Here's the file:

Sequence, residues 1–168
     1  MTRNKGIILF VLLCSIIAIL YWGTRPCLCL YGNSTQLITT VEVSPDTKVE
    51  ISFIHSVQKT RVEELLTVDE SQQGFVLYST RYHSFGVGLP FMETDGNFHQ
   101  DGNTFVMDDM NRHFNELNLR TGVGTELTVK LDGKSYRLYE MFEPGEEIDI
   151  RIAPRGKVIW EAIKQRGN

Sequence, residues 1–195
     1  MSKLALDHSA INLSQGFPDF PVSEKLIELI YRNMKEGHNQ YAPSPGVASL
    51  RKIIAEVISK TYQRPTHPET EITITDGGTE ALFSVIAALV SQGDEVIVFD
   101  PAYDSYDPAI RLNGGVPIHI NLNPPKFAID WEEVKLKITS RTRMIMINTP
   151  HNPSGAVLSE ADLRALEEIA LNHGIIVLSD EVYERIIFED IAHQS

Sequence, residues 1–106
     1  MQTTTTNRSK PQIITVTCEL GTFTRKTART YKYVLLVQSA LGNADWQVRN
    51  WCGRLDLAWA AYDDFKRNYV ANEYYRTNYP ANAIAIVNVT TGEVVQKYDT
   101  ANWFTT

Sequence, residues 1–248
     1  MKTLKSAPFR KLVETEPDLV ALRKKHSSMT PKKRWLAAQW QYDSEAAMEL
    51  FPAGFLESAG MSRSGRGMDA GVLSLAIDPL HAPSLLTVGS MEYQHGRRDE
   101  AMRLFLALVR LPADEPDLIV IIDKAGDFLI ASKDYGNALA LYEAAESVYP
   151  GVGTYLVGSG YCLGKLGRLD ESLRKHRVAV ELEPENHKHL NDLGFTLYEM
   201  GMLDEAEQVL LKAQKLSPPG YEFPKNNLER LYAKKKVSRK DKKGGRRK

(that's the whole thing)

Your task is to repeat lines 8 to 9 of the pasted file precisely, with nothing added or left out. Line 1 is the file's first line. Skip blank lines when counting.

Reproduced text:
    51  RKIIAEVISK TYQRPTHPET EITITDGGTE ALFSVIAALV SQGDEVIVFD
   101  PAYDSYDPAI RLNGGVPIHI NLNPPKFAID WEEVKLKITS RTRMIMINTP